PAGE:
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Fast Transition & Low Maintenance

Getting Gravel Crunchers Started Fast on the Right Footing

This is one of those times when I could shoot myself for not taking "Before" pictures!!! All of these pictures were taken 8 weeks after shoes were removed, 4 weeks after my setup trim and fitting her for Epic boots..

When I looked at this mare shortly before her shoes were pulled by her ex farrier, she had very tightly contracted heels and steep walls. Her size 2 feet had shrunk to size 1's, her soles were pancake flat and her frog was suspended well above the ground. I wish I had taken pictures, because after 8 weeks? This isn't the same mare.

Durango is a 20 year old dude string mare who lucked into a great long term home at a boarding operation adjacent Mount Diablo park in Walnut Creek California. Her owner, Roy, watched as two other client horses, Leaguer and Promise, made successful transitions to barefoot, and decided to pull shoes on his two horses.

The first horse to transition, Durango, has probably been in shoes most of her life. Little is known about her except that she had been on the bus - shipped seasonally to dude strings - for multiple seasons.

She transitions from many years in shoes to soundly barefoot without boots at a walk and jog on the trail in two months. How? Her owner used Passive Conditioning.

Passive Conditioning

I always advise folks to invest in pea gravel for their paddocks as a way to save money and improve hoof condition and durability, and this is a great example of how that investment pays off.

Durango's owner had the perfect paddock prepared by laying 4 inches of 3/8ths inch pea gravel in the paddock of the paddock/stall area that his horse shares with his wife's horse, Dragon. The paddock is an odd shaped enclosure that's approximately 30 x 30 not including the covered and matted stall area. The pea gravel was laid over packed road base.

The Long term Payoff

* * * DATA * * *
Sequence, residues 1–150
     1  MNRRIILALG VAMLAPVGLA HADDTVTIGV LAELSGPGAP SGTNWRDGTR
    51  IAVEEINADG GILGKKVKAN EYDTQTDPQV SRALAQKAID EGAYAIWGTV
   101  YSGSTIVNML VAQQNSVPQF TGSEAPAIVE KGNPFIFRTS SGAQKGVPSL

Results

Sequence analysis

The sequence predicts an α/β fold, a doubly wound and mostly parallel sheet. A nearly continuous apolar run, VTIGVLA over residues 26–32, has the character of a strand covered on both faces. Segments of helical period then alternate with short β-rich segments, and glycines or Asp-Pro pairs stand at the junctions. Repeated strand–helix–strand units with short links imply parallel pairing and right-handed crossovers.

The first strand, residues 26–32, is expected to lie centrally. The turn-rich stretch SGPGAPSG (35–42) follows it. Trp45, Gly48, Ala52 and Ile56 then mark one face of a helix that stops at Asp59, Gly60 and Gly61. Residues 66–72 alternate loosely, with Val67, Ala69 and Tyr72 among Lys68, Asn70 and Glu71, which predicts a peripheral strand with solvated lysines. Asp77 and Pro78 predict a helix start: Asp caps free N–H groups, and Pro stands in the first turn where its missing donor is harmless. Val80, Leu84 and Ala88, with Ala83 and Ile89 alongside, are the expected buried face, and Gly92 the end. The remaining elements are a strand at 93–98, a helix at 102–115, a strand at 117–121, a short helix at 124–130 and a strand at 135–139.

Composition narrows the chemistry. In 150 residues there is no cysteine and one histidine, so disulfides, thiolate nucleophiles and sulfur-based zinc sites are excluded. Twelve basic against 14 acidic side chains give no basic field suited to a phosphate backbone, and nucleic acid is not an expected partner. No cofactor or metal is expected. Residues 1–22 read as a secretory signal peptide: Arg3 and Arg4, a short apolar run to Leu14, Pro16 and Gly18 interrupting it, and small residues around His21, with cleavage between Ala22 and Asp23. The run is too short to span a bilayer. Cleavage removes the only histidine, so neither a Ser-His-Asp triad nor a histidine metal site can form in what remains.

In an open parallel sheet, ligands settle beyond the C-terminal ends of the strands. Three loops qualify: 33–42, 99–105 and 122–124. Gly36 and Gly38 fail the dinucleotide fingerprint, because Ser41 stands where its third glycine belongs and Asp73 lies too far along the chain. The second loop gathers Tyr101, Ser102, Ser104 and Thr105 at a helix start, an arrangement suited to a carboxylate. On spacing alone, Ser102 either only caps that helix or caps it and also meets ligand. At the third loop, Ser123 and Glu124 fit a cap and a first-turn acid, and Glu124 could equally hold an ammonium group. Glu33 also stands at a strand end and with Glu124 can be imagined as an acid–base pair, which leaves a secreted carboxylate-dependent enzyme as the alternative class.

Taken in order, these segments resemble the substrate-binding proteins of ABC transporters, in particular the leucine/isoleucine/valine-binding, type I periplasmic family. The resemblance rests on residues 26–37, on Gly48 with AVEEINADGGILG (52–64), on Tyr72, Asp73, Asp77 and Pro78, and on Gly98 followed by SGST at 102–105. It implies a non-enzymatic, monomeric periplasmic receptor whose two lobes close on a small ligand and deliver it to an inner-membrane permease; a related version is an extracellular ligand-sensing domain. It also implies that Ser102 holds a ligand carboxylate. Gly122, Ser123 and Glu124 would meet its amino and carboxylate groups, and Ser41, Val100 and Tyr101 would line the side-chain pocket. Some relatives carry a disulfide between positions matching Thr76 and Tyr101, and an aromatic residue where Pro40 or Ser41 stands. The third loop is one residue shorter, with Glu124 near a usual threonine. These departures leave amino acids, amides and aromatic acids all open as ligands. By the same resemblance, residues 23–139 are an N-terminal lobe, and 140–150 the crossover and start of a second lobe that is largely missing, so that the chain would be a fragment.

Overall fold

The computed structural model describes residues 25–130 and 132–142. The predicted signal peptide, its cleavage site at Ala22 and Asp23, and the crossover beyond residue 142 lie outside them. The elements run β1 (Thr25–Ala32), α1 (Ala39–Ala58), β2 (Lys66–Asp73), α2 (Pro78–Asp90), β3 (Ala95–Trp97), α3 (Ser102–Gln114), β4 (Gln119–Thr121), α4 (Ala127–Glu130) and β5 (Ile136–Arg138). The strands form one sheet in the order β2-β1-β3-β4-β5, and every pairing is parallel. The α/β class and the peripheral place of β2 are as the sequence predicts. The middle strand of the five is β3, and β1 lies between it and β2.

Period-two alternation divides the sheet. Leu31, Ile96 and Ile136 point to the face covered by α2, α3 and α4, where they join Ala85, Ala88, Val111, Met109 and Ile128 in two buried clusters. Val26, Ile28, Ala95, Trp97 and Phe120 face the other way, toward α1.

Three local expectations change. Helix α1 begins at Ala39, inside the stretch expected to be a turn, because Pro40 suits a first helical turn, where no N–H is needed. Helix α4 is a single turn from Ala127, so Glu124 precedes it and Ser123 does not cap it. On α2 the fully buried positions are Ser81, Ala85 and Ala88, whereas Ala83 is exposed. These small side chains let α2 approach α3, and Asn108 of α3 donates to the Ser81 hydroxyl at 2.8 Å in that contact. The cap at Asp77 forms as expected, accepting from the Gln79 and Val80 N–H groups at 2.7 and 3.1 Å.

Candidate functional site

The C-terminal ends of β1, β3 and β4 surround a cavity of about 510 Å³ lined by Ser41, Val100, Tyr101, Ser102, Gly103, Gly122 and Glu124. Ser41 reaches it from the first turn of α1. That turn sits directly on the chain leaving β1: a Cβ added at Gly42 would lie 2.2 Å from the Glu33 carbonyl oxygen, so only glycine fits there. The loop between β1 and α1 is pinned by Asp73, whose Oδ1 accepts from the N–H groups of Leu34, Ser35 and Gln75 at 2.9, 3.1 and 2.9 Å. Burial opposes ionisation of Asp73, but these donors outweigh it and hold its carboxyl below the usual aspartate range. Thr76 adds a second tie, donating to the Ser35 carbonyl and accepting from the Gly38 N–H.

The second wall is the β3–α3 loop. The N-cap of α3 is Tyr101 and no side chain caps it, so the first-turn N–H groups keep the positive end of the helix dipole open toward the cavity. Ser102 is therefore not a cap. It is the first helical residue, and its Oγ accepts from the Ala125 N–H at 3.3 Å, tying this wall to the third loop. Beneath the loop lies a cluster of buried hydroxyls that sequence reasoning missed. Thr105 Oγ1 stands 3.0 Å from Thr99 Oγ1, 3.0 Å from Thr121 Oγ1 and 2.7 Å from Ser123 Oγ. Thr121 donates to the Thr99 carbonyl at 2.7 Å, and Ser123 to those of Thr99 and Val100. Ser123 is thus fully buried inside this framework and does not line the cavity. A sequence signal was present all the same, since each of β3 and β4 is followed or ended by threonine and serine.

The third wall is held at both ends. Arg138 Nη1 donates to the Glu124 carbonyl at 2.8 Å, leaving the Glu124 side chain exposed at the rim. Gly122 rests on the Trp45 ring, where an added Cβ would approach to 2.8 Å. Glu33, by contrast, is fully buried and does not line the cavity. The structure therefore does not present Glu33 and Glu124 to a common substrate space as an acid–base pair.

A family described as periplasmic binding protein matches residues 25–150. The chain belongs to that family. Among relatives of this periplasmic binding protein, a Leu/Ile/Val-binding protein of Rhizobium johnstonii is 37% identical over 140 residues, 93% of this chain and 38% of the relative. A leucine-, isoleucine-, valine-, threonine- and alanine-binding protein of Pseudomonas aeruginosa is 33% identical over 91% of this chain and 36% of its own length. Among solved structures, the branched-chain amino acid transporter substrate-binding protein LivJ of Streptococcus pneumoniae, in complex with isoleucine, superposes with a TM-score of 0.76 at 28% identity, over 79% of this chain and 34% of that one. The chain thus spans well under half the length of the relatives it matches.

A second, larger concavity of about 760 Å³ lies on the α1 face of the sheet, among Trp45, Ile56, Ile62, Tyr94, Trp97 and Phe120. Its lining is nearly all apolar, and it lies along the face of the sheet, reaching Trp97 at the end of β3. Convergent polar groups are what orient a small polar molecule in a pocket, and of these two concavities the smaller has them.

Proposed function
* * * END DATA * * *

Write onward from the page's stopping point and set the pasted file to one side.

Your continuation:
Pea Gravel loafing areas - a 3 inch layer of 3/8ths inch pea gravel laid over a layer of compressed road base - effectively separate dirt and mud from horses, and is fine enough to easily remove manure from if it's picked out regularly. Gravel works like shavings except it's a long term solution and is much better for your horses feet..

Horses love the way it feels on their hooves and coats. It distributes pressure like a bean bag chair so it's a great place for horses to grab a nap in the sun.

Pea Gravel makes a great place for horses to urinate; urine drains through easily and dries fast, unlike organic bedding. Gravel can be hosed down to flush away ammonia and dust, so the area stays neater for longer.

Gravel is also great for conditioning feet; and while Durango's feet are far from finished, her feet have come a LONG way in just 60 days.

Her heels have relaxed out to an almost normal shape in a very brief period of time. I assume the gravel was very comfortable so that she could use her heels properly from the time the shoes were removed.

Her soles have changed as well. Her post-shoe sole was flat, and the sole in the pictures below is showing a developing concavity.

The long term payoff is that her feet will stay sound, and she will always be ready for the trail ahead. Her healthy feet will only need trimming every 6 to 8 weeks because the combination of Passive Conditioning and regular trail riding provide the elements needed for a self maintaining trim.

She'll still need regular rasping, and occasional professional trimming will ensure she's staying balanced, but a few hundred dollars invested in gravel will save a fortune in farrier and vet costs.

Linda Cowles Hoof Care
Serving the greater SF Bay Area & Northern California
Copyright 2008 Linda Cowles
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